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C O L L E G E O F E N G I N E E R I N G
C o m p u t e r S c i e n c e
Dr. Kyumin Lee is no stand-up comedian but this Utah State University assistant professor in the Computer Science Department knows a thing or two about tough crowds and how to work them. He joins them. At least long enough to ascertain the negative impact bad crowds can have on the Internet and what can be done to remedy it. Dr. Lee recently received a Google Award to take on a monumental task of making the Internet world a better, more credible, place by detecting and preventing crowd-sourced manipulation of search engines and online social networks. In June he and his colleagues, Steve Webb (yes, Webb) with Georgia Institute of Technology and Hancheng Ge from Texas A&M University, presented their research on this topic that was also published in the 8th International Association for the Advancement of Artificial Intelligence Conference on Weblogs and Social Media. His research was also highlighted in June’s MIT Technology Review. What they unveiled was the first study and model, with an accuracy rate of 97.35 percent, to automatically detect malicious crowdsourcing activity slithering through search engines, online user traffic and social media sites. They’ve basically developed a virtual vaccination to protect against these spurious activities. It’s a powerful tool that ultimately they hope to widely deploy to help protect the Internet’s overall integrity. They began by looking under the rocks of crowdsourcing systems in search of nefarious critters scurrying about. In the process, they uncovered some pretty filthy rich people, including one seller from Moldova who earned at least $3 million over the past two years through dubious data manipulations of various sorts with the help of a host of workers under him. In the active and growing world of online marketplaces, tens of thousands of sellers legitimately offer a broad spectrum of services at bargain prices for buyers. For example, on Fiverr, a popular online marketplace for human services, a seller offers to write five snappy taglines for $5. For the same price, people will sing and record songs, make logos or messages appear out of clay, perform virtual assistant duties and write press releases. It’s good for the sellers and great for the buyers, Dr. Lee says. With most all the good things that humans create, however, inevitably there is a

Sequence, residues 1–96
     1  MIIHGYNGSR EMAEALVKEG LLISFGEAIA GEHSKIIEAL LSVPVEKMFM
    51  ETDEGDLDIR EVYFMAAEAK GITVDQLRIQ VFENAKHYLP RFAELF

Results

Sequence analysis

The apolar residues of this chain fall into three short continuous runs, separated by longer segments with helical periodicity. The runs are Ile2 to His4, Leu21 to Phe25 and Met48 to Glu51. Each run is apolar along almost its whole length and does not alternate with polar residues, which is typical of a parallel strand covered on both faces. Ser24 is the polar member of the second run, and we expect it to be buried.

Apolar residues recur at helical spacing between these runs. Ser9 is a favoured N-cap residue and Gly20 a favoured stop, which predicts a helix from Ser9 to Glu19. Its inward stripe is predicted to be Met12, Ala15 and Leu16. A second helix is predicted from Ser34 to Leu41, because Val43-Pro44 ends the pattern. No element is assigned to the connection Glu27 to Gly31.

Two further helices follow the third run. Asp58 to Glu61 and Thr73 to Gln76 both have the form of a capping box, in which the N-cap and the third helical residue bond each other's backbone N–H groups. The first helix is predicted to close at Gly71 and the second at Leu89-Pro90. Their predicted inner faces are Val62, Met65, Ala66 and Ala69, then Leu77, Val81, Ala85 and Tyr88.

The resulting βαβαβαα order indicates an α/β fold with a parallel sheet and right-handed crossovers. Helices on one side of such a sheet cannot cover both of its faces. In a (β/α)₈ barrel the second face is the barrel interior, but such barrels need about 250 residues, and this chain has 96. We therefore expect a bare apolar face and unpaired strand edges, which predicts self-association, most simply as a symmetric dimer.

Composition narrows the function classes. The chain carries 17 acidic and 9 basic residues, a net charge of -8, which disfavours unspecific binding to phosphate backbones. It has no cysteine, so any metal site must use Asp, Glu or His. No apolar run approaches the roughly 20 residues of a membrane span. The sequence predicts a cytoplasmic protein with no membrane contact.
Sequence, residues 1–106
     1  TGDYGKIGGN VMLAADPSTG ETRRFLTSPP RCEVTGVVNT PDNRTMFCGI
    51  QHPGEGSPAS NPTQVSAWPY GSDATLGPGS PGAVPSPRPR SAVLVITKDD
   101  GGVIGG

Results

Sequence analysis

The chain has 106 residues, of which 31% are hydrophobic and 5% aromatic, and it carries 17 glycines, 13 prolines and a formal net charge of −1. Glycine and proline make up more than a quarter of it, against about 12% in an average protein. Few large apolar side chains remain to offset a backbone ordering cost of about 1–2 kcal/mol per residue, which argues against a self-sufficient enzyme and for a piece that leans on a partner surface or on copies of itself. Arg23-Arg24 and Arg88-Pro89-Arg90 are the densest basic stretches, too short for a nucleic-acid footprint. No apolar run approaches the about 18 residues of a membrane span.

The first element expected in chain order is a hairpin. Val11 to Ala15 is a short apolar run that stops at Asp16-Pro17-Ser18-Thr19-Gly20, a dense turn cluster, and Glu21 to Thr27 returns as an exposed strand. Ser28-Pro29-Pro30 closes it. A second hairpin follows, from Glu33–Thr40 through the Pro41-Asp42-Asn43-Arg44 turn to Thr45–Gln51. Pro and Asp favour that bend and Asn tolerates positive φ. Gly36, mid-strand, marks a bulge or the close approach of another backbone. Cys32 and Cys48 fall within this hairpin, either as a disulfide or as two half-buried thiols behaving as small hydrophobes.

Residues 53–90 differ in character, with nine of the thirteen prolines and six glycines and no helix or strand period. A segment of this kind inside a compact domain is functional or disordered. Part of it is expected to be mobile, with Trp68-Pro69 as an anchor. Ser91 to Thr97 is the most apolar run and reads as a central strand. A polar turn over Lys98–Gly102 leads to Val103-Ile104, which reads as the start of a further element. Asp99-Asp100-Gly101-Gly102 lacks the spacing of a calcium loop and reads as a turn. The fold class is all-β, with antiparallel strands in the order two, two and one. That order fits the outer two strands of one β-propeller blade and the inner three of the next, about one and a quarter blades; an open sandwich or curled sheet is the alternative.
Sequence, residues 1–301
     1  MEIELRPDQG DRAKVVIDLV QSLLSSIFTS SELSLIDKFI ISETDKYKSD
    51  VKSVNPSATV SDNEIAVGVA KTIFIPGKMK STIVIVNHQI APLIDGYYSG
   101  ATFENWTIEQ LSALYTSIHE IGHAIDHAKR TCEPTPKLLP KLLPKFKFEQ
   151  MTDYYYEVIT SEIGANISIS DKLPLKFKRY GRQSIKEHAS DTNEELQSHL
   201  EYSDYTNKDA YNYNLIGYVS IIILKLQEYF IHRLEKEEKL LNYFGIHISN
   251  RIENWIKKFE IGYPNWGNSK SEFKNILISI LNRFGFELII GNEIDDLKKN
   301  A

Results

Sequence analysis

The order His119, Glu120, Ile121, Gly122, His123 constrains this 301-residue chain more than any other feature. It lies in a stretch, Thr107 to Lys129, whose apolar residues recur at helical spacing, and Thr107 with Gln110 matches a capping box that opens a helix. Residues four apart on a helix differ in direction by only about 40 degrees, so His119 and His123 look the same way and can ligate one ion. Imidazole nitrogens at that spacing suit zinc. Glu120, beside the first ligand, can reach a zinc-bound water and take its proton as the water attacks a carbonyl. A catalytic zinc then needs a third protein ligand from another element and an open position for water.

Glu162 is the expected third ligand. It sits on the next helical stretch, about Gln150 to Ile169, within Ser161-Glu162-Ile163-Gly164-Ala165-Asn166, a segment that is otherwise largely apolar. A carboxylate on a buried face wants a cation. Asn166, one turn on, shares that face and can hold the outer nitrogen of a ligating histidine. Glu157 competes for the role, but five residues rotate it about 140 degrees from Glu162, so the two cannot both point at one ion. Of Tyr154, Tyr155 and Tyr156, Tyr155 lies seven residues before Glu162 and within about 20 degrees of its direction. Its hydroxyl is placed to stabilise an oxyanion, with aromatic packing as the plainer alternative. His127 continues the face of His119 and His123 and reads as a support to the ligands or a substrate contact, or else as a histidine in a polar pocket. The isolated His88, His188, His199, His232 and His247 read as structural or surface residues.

dark side. Bad things begin to happen when sellers cross the ethics line